I hate the Time magazine cover. I love the Time magazine cover.

I hate the cover because it is sensational and exploitive. The stylized photo of a defiant looking mom nursing a 4-year-old boy dressed in camouflage and standing on a chair portrays attachment parenting as extreme and even militant. The cover is sensational because it depicts something highly unusual: nursing while a child is standing on a chair.


Nursing for longer than four years is extremely rare in the US. When we surveyed the Mothering readership in 2006, we found that 10% breastfed until a year; 41% breastfed for one to two years; 32% for two to three years; and 6% for more than four years. This is among a population in which 96% breastfeed..

In US society at large 22.4% are still nursing at a year. The CDC does not keep statistics on breastfeeding beyond one year, but it’s safe to assume that breastfeeding for more than four years occurs less than 1% of the time in the US at large.  It’s uncommon, even among attachment parents.

Time’s cover is exploitive of the child photographed. The image is far from tender and has an erotic edge to it. Nursing is not something that a child would customarily pose for or do at the mother’s request; the image belies the fact that older children nurse infrequently and are generally not exhibitionists.


I love the Time cover because it is a landmark moment for breastfeeding. Attachment parenting has gone mainstream. Everyone has heard of it now. The cover was featured in two of this week’s Saturday Night LIve skits, but it wasn’t attachment parenting that was lampooned: it was the cover image. The cover has had a unifying effect because it has been so universally ridiculed as overreaching.

It’s no coincidence that this cover comes on the heels of a month of intense and effective breastfeeding advocacy. In early April, Public Citizen started a petition to outlaw the distribution of formula samples in hospitals in support of the WHO Code of the Marketing of Breastmilk Substitutes. This is the first time that a group outside of the breastfeeeding community has initiated such an effort.

On April 19th, Mayor Bloomberg and the New York City Health Department announced that they are putting their support behind the Baby Friendly Hospital Initiative for 24 NYC hospitals. Formula samples cannot be given away in baby-friendly hospitals. This is the first time a US mayor made a commitment of this nature to breastfeeding.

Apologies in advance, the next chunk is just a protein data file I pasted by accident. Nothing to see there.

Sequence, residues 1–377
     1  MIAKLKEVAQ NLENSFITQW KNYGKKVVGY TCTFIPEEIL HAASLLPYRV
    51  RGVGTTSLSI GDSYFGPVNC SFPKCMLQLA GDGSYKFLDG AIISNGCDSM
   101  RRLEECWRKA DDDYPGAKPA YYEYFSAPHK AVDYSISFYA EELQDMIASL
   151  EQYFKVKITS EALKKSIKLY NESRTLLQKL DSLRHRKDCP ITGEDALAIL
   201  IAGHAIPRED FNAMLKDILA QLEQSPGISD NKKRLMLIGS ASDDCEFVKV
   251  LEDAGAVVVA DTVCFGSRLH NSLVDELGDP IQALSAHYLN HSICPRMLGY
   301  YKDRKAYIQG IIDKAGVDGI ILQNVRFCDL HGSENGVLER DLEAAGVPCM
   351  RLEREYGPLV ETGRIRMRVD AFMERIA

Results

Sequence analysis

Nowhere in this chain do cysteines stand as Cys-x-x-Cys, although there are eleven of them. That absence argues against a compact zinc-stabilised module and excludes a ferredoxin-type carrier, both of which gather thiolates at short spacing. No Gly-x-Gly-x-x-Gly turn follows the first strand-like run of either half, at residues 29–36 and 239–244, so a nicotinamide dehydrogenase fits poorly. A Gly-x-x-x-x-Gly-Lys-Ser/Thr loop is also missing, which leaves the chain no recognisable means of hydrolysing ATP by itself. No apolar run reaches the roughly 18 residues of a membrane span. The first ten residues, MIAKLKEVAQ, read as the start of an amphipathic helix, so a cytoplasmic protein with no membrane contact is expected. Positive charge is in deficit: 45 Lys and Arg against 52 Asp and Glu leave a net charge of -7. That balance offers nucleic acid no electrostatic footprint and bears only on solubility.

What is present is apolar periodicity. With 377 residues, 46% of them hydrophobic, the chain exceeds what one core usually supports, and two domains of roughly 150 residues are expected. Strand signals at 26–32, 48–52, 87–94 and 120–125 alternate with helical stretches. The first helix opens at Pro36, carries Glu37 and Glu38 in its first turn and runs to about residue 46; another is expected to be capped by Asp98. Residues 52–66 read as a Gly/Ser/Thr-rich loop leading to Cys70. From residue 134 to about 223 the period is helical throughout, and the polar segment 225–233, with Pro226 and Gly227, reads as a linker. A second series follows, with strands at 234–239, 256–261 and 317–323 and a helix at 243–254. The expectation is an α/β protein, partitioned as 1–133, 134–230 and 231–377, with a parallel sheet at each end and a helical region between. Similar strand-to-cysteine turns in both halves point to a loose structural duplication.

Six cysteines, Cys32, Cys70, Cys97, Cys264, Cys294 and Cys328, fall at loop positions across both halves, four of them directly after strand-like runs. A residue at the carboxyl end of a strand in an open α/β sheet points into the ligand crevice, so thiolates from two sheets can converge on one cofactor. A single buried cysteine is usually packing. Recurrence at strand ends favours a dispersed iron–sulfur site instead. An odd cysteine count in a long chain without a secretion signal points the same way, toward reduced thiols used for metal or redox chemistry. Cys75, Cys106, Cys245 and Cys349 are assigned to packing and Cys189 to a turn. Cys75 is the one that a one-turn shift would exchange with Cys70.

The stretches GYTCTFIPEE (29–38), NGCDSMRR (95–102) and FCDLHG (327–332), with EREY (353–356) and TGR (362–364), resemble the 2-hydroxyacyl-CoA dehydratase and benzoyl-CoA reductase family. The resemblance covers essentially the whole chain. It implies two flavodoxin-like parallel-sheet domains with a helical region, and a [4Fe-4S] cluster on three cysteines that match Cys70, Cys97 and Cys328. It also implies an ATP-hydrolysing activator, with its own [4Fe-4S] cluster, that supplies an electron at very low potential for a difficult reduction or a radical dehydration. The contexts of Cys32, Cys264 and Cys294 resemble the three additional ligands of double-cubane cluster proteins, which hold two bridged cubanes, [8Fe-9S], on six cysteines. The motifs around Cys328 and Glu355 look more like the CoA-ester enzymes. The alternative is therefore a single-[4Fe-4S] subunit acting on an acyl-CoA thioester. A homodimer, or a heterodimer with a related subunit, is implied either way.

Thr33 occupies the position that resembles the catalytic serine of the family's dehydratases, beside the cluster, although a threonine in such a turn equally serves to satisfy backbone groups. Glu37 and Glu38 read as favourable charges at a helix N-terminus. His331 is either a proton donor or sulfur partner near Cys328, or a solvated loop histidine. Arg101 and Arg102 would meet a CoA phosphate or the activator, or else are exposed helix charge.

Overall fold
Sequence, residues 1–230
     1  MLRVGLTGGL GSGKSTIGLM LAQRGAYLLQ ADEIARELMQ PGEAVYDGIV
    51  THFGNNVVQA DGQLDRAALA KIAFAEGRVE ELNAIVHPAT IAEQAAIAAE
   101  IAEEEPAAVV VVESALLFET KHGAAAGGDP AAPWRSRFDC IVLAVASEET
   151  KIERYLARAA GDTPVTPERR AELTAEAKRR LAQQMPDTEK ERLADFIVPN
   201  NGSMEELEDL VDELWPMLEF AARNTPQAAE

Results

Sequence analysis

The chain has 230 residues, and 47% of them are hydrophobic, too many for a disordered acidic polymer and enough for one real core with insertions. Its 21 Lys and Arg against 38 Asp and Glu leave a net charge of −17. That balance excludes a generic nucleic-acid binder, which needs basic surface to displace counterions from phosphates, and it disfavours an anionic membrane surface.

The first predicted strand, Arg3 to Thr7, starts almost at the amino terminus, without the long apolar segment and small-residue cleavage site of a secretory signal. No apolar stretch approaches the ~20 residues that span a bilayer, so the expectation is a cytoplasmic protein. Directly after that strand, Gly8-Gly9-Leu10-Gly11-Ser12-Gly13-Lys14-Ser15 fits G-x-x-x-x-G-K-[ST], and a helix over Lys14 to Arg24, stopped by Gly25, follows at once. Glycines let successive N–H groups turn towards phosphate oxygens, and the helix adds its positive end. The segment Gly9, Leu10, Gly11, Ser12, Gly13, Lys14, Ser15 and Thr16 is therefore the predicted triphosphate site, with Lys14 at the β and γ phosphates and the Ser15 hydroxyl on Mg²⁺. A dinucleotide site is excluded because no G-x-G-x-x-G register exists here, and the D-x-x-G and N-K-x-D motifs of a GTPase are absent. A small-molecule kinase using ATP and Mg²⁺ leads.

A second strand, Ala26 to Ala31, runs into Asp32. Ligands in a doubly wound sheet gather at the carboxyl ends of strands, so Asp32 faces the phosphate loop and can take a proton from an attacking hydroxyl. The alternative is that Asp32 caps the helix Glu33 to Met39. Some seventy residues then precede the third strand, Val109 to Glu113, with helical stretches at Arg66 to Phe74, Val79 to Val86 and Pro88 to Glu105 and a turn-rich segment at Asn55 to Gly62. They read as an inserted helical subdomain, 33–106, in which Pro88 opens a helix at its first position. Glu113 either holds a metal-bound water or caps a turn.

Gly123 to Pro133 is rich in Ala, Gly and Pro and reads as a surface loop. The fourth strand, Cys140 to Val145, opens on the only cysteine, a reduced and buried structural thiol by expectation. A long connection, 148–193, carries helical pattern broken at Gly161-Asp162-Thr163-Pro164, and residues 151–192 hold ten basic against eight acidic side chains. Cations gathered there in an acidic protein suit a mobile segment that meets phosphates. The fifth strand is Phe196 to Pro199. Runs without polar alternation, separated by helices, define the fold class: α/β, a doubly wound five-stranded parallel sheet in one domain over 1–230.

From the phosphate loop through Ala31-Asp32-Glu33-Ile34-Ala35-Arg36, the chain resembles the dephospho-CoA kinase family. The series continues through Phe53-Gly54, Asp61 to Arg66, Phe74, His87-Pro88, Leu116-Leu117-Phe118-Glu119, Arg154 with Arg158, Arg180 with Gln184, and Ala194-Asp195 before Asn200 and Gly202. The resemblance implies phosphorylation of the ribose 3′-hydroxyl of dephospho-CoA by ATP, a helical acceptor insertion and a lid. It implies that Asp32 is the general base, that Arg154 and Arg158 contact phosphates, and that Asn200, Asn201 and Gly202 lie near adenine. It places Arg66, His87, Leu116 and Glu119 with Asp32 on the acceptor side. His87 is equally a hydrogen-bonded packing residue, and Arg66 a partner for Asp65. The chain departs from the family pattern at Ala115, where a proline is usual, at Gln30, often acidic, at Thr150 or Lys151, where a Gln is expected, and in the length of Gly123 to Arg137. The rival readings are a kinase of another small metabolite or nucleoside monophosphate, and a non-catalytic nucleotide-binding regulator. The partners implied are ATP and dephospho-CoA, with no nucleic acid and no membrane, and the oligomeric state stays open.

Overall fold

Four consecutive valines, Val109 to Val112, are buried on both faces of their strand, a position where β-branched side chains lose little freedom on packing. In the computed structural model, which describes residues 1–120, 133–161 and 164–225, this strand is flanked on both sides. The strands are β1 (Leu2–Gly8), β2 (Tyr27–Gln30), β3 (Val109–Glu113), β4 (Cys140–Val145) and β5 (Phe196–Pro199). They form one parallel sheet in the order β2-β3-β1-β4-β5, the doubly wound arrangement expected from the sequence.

Not coincidentally, The Conflict: How Modern Motherhood Undermines the Status of Women by Elisabeth Badinter, was released on April 24th. Badinter is an old-school feminist who believes that breastfeeding is inherently oppressive despite it being the feminist issue of our time. She is also owner of Publicis, public relations company for Nestle’, the world’s largest formula manufacturer. According to Katy Allison Granju, Badinter’s company also represents the manufacturers of Enfamil and Similac. Her job is to increase formula sales!

In the context of one of the biggest months ever for breastfeeding advocacy, we have the Time cover, which clearly deprecates breastfeeding mothers. Time is looking for newsstand sales. And, they are beholden to their advertisers, especially during these times of severely declining print ad revenue. Formula manufacturer, Pfizer, for example, is the third top advertiser in the US and spent $90.6 million in advertising in the first quarter of 2011 alone. On April 27th, Pfizer announced that it is selling its nutritional business to Nestle’; the baby formula division is expected to generate $2.4 billion in sales in 2012.


In some ways it is a tribute to our efforts that breastfeeding has become the bell weather for attachment parenting. And, it’s a tribute to us as women that we less easily take the media bait to attack other mothers. This time, we are all united in our shock over the Time cover. They say that a new idea is first ignored, then ridiculed and finally attacked before it is assimilated. We must be winning because breastfeeding is definitely being attacked.

I hope that we can resist the temptation to go unnecessarily down bunny holes defending ourselves when we could instead unite to help pass essential breastfeeding and family leave legislation. That’s what we really need to do.

Let’s bring it home, sisters. “The heart is a muscle the size of your fist. Keep on loving. Keep on fighting.”

(Thanks to Jennifer Tite for the use of her photo.)

Peggy O’Mara  (101 Posts)

Peggy O’Mara founded Mothering.com in 1995 and is currently its editor-in chief. She was the editor and publisher of Mothering Magazine from 1980 to 2011. The author of Having a Baby Naturally; Natural Family Living; The Way Back Home; and A Quiet Place, Peggy has lectured and conducted workshops at Omega Institute, Esalen, La Leche League International, and Bioneers. She is the mother of four.

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